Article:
While many wearables were not designed for business use, there are more and more options available that have businesses in mind. These products have more robust security features.

Silo personal data

Mobile devices, especially wearables, allow data to move easily, so their operating systems are leaky by design. This doesn’t bode well for companies that are trying to prevent security problems.

By keeping wearable data in encrypted containers, you can control where data lives. For example, limit what emails are sent to smartwatches. This forces employees to use more secure means of communication and helps lower security risk.

Understanding wearables in the workplace

Mobile devices, including wearable technology, are an important aspect of IT management. Campbellsville University’s online Master of Science in IT Management program prepares students to become effective IT managers through courses in security, emerging technology and more. The fully online program allows students to maintain their personal and work responsibilities while pursuing their career goals.

This post was originally published at Campbellsville University.

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7 Subtle Ways to Give Your Business The Desired Popularity

A successful business is about convincing consumers that your product or service has value and that it needs to be purchased to obtain that value. That success in turn provides the means to keep operating, pay expenses and make a profit.

Attention and awareness are gold for a business trying to grow and penetrate a new market. However, many chalk up awareness as something that happens after one does enough marketing or advertising.

And that’s where the importance of building popularity gets lost. Instead, awareness has to be cultivated. And there are seven clear ways a business can do this in merchandise management and focused marketing:

1. Awareness should be automatic

When people hear a loud noise, an unexpected yell, a bright light or similar they react and turn towards it. What’s going on? Where did that come from? What is it? People don’t think under this condition; they automatically react. Ideally, a business wants consumers to react automatically or close to it. The awareness and following reaction should just be mechanical versus a long, thought-out process.

2. The product or service is part of the consumer’s paradigm

The trick to entering a paradigm is to get the consumer to become familiar and then accepting the regular presence of a product or service. For example, everyone is familiar with Intel and computers. Why? Because the brand has become part of the desktop paradigm.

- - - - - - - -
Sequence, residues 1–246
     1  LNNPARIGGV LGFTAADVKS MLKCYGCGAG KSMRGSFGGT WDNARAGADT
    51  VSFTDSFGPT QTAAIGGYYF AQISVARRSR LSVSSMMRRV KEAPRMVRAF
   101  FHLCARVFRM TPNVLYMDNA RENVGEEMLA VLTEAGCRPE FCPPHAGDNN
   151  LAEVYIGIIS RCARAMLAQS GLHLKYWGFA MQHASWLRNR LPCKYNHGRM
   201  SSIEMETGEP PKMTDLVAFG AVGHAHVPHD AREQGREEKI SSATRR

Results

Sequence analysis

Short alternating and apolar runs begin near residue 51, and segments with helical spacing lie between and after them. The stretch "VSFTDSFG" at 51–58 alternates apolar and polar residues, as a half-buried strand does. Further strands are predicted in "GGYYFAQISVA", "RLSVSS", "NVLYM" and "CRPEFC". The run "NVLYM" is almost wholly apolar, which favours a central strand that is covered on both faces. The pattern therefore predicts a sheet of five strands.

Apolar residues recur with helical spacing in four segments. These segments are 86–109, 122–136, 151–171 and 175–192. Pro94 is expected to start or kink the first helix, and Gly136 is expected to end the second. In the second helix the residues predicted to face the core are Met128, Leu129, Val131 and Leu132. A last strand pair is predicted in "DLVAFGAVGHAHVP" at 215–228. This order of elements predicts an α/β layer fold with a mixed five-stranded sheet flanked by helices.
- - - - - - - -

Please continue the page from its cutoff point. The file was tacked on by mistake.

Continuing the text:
3. Disrupt the normal conditions with a positive change

People pay attention to changes that don’t fit the norm. Where the change is negative, they steer away. However, where the change is positive, it creates an opportunity for people to become very interested. For example, a new product or service that makes a regular chore or function considerably easier is a disruption. People notice it and want to tell others.

4. Create a reward for being interested

Dopamine is the chemical in the brain that gets released when we receive a reward. And our brain wants more of it all the time. So we quickly align rewards with those things that trigger and repeatedly create more dopamine. This biological driver should not be ignored; it’s often a primal driver that gets people to want or buy something even if logically they should do something else.

5. Reputation matters

Popularity can be generated quickly by a new, immediate change or huge sensation, but it doesn’t sustain when the “newness” dies down. Instead, it’s a business reputation that sustains popularity and keeps it going. Referrals, good opinions, recommendation all build and continue to spread awareness of a reputation. That continued cycle solidifies a market and customer retention over time.

6. Curiosity killed the cat

People frequently stop to look at something interesting and new. Curiosity is one of the key aspects of humanity that makes us different animals which typically run away from the unknown, not towards it. Ignoring people’s natural habit of being curious about the new is literally leaving money on the table.

7. Keeping up with the Joneses

We seek validation from our peers. And that feeling comes in the form of acknowledgment from others when we appear to achieve a level of success or accomplishment. Products and services are one way that quick acknowledgment is achieved from peers. A business using this theme frequently sees its popularity steadily go up.

Businesses can use other methods for successful merchandise management, but the seven areas above have proven to be the ones that have consistent returns. Understanding the science behind these areas gives a business far more ammunition in sales, and it’s a lot better than just building mousetraps.